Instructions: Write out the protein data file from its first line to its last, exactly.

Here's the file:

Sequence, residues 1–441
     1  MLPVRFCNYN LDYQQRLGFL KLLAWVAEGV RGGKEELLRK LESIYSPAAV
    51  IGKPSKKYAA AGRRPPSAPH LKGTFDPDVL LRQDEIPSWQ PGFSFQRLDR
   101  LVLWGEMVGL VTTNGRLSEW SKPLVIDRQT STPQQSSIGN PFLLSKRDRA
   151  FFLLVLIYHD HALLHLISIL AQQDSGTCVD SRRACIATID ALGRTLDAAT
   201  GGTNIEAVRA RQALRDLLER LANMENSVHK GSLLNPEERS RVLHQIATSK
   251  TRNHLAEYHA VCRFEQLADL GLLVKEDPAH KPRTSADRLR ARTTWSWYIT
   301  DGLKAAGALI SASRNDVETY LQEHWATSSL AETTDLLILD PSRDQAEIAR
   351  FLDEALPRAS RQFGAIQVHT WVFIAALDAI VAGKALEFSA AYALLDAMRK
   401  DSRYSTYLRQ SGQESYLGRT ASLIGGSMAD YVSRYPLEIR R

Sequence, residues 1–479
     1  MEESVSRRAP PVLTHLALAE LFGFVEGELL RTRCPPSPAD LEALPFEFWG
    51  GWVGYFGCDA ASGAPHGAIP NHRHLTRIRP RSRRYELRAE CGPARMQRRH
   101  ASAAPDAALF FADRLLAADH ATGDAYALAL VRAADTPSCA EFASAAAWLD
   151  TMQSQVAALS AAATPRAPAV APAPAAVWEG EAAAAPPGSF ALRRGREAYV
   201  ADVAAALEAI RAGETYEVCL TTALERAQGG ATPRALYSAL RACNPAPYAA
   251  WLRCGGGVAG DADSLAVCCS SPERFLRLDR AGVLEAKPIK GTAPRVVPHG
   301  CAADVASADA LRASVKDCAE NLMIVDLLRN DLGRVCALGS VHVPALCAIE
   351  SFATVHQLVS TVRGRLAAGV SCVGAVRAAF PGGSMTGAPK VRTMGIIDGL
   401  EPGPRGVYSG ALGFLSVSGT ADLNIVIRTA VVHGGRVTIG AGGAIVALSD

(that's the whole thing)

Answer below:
Sequence, residues 1–441
     1  MLPVRFCNYN LDYQQRLGFL KLLAWVAEGV RGGKEELLRK LESIYSPAAV
    51  IGKPSKKYAA AGRRPPSAPH LKGTFDPDVL LRQDEIPSWQ PGFSFQRLDR
   101  LVLWGEMVGL VTTNGRLSEW SKPLVIDRQT STPQQSSIGN PFLLSKRDRA
   151  FFLLVLIYHD HALLHLISIL AQQDSGTCVD SRRACIATID ALGRTLDAAT
   201  GGTNIEAVRA RQALRDLLER LANMENSVHK GSLLNPEERS RVLHQIATSK
   251  TRNHLAEYHA VCRFEQLADL GLLVKEDPAH KPRTSADRLR ARTTWSWYIT
   301  DGLKAAGALI SASRNDVETY LQEHWATSSL AETTDLLILD PSRDQAEIAR
   351  FLDEALPRAS RQFGAIQVHT WVFIAALDAI VAGKALEFSA AYALLDAMRK
   401  DSRYSTYLRQ SGQESYLGRT ASLIGGSMAD YVSRYPLEIR R

Sequence, residues 1–479
     1  MEESVSRRAP PVLTHLALAE LFGFVEGELL RTRCPPSPAD LEALPFEFWG
    51  GWVGYFGCDA ASGAPHGAIP NHRHLTRIRP RSRRYELRAE CGPARMQRRH
   101  ASAAPDAALF FADRLLAADH ATGDAYALAL VRAADTPSCA EFASAAAWLD
   151  TMQSQVAALS AAATPRAPAV APAPAAVWEG EAAAAPPGSF ALRRGREAYV
   201  ADVAAALEAI RAGETYEVCL TTALERAQGG ATPRALYSAL RACNPAPYAA
   251  WLRCGGGVAG DADSLAVCCS SPERFLRLDR AGVLEAKPIK GTAPRVVPHG
   301  CAADVASADA LRASVKDCAE NLMIVDLLRN DLGRVCALGS VHVPALCAIE
   351  SFATVHQLVS TVRGRLAAGV SCVGAVRAAF PGGSMTGAPK VRTMGIIDGL
   401  EPGPRGVYSG ALGFLSVSGT ADLNIVIRTA VVHGGRVTIG AGGAIVALSD